Traditionally extracted from the species Chondrus crispus (Irish moss), carrageenan is nowadays mainly obtained from the species Kappaphycus alvarezii and Eucheuma denticulatum. This sulfur polysaccharide is generally used to thicken food and give them a gel-like consistency. However, it also has benefits for the skin. For example, it can stimulate the natural production of hyaluronic acid. Find out how it is obtained here.
how is red algae extract (carrageenan) collected?
- Red algae extract, carrageenan... What is it?
- Carrageenans : how are they collected?
- In which Typology products can you find carrageenans or red algae extract for skin care?
Red algae extract, carrageenan... What is it?
Carrageenan is a biopolymer extracted from red algae or Rhodophytes. These marine algae are mainly found in Europe (Atlantic Ocean, English Channel, North Sea). There are various varieties of red algae, such as Chondrus crispus, Mastocarpus stellatus and Furcellaria fastigiata.
A little anecdote: The name "carrageenan" comes from the Celtic "lichen carrageen" meaning "Irish moss". Sailors used to use it to prepare jelly desserts by adding a handful of bleached seaweed to their milk.
Today, these compounds are still present in the food industry, but are also widely found in skin and hair care. Carrageenans are sulfur-containing polysaccharides that are used to thicken food and give them a gel-like consistency. Indeed, they contain sulfated D-galactose residues. In contact with water, these biopolymers expand and form a gel-like network. Moreover, carrageenans also have benefits for the skin. They are humectants, which means that they have the ability to retain water, improving the overall appearance of the skin. They can also stimulate the natural production of hyaluronic acid and ceramides, reinforcing the waterproofness of the epidermis and limiting the insensible loss of water. That's why we use red algae extract or carrageenan in skin care.
Carrageenans : how are they collected?
The process of extraction of carrageenans from red seaweed involves several steps, which are described below:
The red algae are harvested and cleaned to eliminate sand as well as non-algal residues. It is then dried in the sun. The percentage of humidity should not be lower than 35% to preserve the quality of the carrageenan, while avoiding the deterioration of the algae;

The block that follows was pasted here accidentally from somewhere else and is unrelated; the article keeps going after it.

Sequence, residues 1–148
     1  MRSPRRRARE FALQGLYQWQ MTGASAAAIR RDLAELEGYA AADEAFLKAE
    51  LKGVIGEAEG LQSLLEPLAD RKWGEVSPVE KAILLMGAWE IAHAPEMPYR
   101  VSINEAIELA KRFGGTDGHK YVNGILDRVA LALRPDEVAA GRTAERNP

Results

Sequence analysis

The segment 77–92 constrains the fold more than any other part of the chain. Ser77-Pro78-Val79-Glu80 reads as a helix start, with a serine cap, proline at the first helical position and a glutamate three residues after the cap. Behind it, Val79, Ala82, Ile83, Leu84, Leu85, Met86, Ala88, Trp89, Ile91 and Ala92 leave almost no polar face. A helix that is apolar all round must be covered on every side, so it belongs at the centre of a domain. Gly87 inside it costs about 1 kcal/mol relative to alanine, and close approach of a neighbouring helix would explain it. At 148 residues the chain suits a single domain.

The dried seaweeds then undergo a vigorous mechanical agitation in an alkaline aqueous medium (presence of sodium or calcium hydroxide or sodium carbonate). These conditions ensure the formation of 3,6-anhydro bonds between the polymeric chains, which increases the gelling capacity of the carrageenans;
The reaction medium is directly filtered or centrifuged in order to eliminate all insoluble residues;
The obtained solution is then concentrated by evaporation or ultrafiltration;
A precipitation reaction in an alcohol (most often isopropanol) or with potassium chloride allows to recover the carrageenans in solid form;
The carrageenans are then pressed to get rid of the liquid as much as possible. Then, they are dried and crushed. A powder with a high yield of about 25% compared to the initial mass of dry seaweed got created.
In which Typology products can you find carrageenans or red algae extract for skin care?
These biopolymers can be identified on the I.N.C.I. lists of cosmetic formulas via the name "Sodium Carrageenan".
In Typology's plumping serum, this red algae extract is combined with polyglutamic acid to provide the skin with two levels of hydration: the carrageenans are able to act deep down and boost the production of hyaluronic acid, while the polyglutamic acid forms a protective film on the skin's surface to fight against dehydration. This product is applied morning and evening, on a clean and dry skin. It is particularly recommended for dry skin and/or to prevent dehydration lines and the first wrinkles.
BIXLER H. Recent developments in manufacturing and marketing carrageenan. Hydrobiologia, (1996).
HUANG N. & al. Potential use of seaweed bioactive compounds in skincare:A Review. Marine Drugs (2019).